Mie, which is the third largest producer of tea in Japan is also responsible for producing fukamushi sencha. In fact, most fukamushi sencha production takes place in Mie.
In Kyoto, around the Uji area, which is primarily famous for Uji matcha, high-quality sencha production is also in abundance. Most of Uji’s tea cultivation is actually for high-quality sencha, but gyokuro and tencha, which are the leaves used for making matcha are also grown here.
Coming in at fifth place in terms of Sencha production quantity is Miyazaki. Similarly to Kagoshima, Miyazaki has the ideal land and weather set up for tea cultivation.
What does Sencha taste like?
Sencha green tea can be described as having the most typical Japanese green tea taste. It has elements of bitterness, astringency, umami, and sweetness, all with a pleasant aroma. Many people describe sencha as having a refreshing or fragrant flavor. We should also not forget that sencha is a tea full of a specific umami flavor that cannot be found outside of green tea. When sencha is brewed in the correct temperature water, the umami of the tea really comes out and is at its flavor peak.
Sencha is a green tea after all, so it does contain caffeine. However, it only contains about a third of the amount of caffeine as coffee. Sencha contains 20mg of caffeine per 100ml, while coffee contains 60mg of caffeine per 100ml. If you are worried about the caffeine content of sencha, you can also cold brew it and the amount of caffeine present in the tea will decrease.
It is recommended that healthy adults consume no more than 400mg of caffeine per day, so since sencha is well within this range, you can enjoy up to 2 liters of it per day if you so desire.
How to enjoy Sencha
In order to have sencha in its most ideal, umami-packed state, knowing how to brew it properly is important for enjoying it. When brewing sencha, we recommend paying attention to four factors:
- The amount of tea leaves – for two people, use 4g of loose tea leaves (2g per person) to start with. Once you are used to the flavor of sencha, you can adjust this amount to your taste.
- The amount of water – add a little more than 2 cups of water (200ml) to the teapot.
- The temperature of the water – heat the water up to 70°C. Avoid using water that has come to a complete boil in the kettle. Let it cool down for a bit before using it to brew sencha.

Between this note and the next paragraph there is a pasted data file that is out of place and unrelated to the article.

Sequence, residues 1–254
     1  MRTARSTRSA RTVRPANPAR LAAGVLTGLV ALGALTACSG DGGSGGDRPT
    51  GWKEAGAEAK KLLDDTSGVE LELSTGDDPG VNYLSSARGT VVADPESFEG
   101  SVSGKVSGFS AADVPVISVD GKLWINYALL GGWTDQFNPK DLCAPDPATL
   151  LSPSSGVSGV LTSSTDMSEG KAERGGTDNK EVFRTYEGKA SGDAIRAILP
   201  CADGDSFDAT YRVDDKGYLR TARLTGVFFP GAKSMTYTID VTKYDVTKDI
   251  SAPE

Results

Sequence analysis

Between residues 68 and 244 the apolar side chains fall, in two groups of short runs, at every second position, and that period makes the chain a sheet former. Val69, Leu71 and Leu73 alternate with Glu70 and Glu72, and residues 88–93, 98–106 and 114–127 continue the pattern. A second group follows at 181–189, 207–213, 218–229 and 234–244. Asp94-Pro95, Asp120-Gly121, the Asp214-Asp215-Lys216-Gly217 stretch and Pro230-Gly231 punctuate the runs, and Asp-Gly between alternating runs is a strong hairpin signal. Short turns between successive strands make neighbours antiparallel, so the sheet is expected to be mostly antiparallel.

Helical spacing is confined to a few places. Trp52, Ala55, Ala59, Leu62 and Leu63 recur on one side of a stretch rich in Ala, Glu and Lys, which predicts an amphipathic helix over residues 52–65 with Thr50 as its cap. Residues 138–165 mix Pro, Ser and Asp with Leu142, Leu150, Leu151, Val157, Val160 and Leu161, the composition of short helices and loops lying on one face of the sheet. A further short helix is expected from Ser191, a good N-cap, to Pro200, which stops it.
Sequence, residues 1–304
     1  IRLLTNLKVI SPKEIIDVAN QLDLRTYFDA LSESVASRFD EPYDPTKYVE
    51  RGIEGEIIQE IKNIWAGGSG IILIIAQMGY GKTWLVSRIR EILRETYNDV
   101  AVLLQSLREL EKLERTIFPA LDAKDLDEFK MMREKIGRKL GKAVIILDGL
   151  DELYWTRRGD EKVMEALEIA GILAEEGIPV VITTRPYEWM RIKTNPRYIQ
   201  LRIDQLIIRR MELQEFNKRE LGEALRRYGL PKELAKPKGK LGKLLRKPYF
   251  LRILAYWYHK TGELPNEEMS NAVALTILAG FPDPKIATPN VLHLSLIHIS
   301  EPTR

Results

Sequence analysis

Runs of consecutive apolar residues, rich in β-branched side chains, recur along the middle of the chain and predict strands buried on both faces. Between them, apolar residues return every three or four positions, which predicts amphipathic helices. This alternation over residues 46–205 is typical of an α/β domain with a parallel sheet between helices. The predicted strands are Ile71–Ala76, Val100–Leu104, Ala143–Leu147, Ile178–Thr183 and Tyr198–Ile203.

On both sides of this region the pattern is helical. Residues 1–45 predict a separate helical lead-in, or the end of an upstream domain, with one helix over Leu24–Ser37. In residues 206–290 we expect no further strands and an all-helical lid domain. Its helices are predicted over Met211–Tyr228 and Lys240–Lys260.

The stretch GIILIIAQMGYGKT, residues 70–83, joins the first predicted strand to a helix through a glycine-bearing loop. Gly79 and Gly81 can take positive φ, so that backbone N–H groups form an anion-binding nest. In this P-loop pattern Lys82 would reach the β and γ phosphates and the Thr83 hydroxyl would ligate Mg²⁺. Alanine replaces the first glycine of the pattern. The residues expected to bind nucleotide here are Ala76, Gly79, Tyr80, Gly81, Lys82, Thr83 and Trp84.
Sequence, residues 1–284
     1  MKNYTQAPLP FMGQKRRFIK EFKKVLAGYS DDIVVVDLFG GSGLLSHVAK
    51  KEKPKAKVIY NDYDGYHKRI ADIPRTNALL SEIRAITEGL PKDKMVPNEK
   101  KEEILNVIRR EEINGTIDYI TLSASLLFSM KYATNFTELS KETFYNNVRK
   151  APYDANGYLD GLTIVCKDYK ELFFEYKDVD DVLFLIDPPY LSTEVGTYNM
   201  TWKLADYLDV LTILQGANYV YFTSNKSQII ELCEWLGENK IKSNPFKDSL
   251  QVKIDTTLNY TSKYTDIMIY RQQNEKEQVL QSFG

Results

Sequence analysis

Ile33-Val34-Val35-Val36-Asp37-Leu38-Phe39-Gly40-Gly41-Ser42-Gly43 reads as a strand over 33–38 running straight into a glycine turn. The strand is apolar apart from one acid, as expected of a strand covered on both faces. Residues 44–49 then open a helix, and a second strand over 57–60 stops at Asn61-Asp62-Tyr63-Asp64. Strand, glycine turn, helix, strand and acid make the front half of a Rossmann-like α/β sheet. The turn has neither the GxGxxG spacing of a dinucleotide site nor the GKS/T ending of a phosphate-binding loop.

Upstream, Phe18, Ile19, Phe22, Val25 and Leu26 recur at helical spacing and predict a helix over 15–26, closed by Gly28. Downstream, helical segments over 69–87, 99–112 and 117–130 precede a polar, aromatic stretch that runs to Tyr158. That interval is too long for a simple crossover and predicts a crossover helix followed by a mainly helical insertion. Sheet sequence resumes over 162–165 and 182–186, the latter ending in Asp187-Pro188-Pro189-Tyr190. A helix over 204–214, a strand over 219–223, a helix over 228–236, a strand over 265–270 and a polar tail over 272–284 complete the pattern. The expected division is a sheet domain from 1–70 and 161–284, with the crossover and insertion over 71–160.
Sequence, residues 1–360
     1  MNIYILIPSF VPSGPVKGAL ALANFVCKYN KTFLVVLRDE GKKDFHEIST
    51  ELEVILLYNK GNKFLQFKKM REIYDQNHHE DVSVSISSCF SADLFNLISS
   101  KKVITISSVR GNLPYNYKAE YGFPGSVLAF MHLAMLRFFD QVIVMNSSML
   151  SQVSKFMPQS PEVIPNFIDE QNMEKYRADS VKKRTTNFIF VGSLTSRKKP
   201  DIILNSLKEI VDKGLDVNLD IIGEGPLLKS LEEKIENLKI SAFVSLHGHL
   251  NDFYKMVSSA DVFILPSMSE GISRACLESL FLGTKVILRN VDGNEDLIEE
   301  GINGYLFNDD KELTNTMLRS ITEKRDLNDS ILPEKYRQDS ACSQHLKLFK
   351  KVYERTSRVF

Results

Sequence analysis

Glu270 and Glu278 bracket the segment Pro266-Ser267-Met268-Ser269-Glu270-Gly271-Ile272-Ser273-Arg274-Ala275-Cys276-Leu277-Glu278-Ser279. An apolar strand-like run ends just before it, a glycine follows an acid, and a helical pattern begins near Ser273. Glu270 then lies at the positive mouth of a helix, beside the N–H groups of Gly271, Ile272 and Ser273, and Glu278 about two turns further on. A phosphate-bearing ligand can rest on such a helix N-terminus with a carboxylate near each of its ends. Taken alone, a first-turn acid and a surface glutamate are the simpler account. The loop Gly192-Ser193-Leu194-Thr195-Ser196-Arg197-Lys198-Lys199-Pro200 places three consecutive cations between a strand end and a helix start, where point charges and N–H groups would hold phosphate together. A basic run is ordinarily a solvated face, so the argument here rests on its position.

- The brewing time – After pouring the hot water into the teapot, close the lid and let the tea brew for 30 seconds to 1 minute. If you let it brew for too long, the flavor may become too bitter whereas if you don’t brew it long enough, the flavor will be quite light.
Once you have correctly brewed sencha, it is recommended to pour the tea into a teacup, and then into another vessel such as a yuzamashi (Japanese tea bowl) or separate cup, and then pour it back into the original teacup. By transferring the tea into separate vessels, the temperature of the tea is said to drop in temperature by 10 degrees each time, which not only makes the tea easier to drink but also increases the umami component of the tea.
For the second brew of tea, pour the hot water directly into the teapot, allow it to steep, and then pour it directly into the teacup and enjoy. The flavor of the sencha will be different in the second brew compared to the first, so have fun comparing and contrasting the differences between the two brews.
What kind of food pairs well with sencha
Green tea not only serves as a palette cleanser but it also is served with meals as it enhances the flavor of Japanese cuisine. Generally, sencha pairs well with most Japanese cuisine like sushi, miso soup, soba, and so on. Its natural sweet and astringent flavor also pairs well with traditional wagashi, cakes, and chocolate. If you're looking for suggestions to pair sencha with, then check out our article on different Japanese wagashi.
Fukamushi sencha, on the other hand, has a deeper flavor than standard sencha, so it pairs particularly well with fried foods. The strong flavor of the tea balances the rich flavor that comes from fried foods, so it is highly recommended to pair fukamushi sencha with Japanese foods like tempura.
Benefits of drinking Sencha
Sencha is full of many beneficial ingredients for our bodies. These ingredients include polyphenols, catechins, caffeine, L-theanine, potassium, tannins, sodium, and calcium.